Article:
Thursday, December 31, 2020

Just released a new instrumental CD called "Just," just before the turn of the year.


Here is a link to the whole catalog of seven records.

Thursday, December 17, 2020

It was 2500 years ago today ...

Well, maybe today (if you reckon by Julian), but certainly it was 2500 years ago this year, that the prophecies of Haggai (and some to Zechariah) were revealed. Especially interesting to me are the final two prophecies of Haggai (2:10-19 and 2:19-end), both dated 24 Kislev. 

The first of these two speaks of this day— prior to which provisions were always turning out to be shorter and more depleted than expected because the people would not "return to" the Lord, but after which (after they returned to him) he promised: "From this day on I will bless you." (2:19).

The Great Western Road Suite (A Word of Explanation)

Why this sudden burst of musical industry? Even as avocations go, ten years of silence between projects is rather long, but twenty is (you can do the math) doubly ridiculous. But for all that 2020 has been an utterly awful year, the lockdown has afforded certain unanticipated opportunities. The absolute very least one can say about Bonhoeffer's Letters from Prison or the prison letters of Paul is that their authors made the best of a bad situation. No, this little project is not worth comparing to those towering monuments of inspiration. But such examples do have a way of poking their noses into your puny corner of the world and asking: Well, what do you, for your part, have to say? Or even: What have you been given to say?

For me, the first answer to the question was this: I have not yet done a proper recording of the three-part guitar suite that evolved during my years in seminary, and among all the keyboard sequences, guitar licks, chord progressions, and other sketchy ideas scattered about my study-o, this suite has seemed to my mind the most mature and possibly the most enduring piece I have written. Meanwhile, the occasional pangs of aging that afflict various body parts from time to time have tended to get my attention most readily when they involve the hands. So, goaded by the great sequestration of 2020, I approached what I knew would be a short summer with the aim of finally recording this suite.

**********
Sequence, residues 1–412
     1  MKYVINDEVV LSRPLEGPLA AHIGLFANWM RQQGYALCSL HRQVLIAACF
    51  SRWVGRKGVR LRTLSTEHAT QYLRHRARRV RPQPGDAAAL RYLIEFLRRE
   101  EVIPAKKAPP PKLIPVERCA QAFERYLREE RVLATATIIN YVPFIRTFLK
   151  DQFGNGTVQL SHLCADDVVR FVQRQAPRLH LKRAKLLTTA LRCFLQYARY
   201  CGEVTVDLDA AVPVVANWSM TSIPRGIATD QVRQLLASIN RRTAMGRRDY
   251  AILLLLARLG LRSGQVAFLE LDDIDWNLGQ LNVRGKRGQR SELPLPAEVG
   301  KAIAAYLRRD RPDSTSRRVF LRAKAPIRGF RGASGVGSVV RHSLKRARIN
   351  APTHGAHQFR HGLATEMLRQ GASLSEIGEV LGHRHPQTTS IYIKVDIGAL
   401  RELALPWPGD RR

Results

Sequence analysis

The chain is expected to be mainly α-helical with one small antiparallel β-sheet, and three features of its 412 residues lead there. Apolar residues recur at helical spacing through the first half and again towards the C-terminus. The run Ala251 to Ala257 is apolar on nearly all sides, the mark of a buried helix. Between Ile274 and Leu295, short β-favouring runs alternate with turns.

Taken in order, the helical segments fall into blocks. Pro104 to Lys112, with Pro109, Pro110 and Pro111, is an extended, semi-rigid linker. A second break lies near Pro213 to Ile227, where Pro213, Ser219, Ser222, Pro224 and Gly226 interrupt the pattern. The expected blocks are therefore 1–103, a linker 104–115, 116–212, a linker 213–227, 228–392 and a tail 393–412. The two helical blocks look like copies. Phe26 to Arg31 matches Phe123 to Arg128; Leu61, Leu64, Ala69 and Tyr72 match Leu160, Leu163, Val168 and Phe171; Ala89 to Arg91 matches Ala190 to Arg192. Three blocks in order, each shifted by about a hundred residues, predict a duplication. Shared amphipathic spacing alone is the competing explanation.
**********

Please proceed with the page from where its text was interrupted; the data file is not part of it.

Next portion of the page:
I will not pretend the recording is as perfect as I would have liked. The twelve year hiatus was not lightly redeemed, not even with a year of practice, and finger strength not so quickly recovered. But with the benefit of multiple takes, I think this is a fair representation of the suite as conceived.

Over the late summer, however, I was able to find a tape and some .mp3s from two previous recordings of the same suite. The first was from a concert in 1994, when the parts of the suite (introduced under the title "Along the GWR") were scattered among other pieces (hence, there is some applause that would otherwise not interrupt the parts of a coherent whole). This one is interesting to me, since the third movement is not quite there rhythmically. The chord changes are, but the right hand had not yet fully embraced the hip-hop stroke. But it seemed far enough along at the time to use the movement to close the concert. Nothing like leaving the door ajar to say: To be continued. This third movement was very much a work in progress, so I think that explains why, in the liner notes to GWR (on the CD and in the excerpt below) I confess some uncertainty as to when exactly this piece emerged in full. I was, in fact, uncertain and that uncertainty is heard even in that recording, which was unearthed after GWR was released.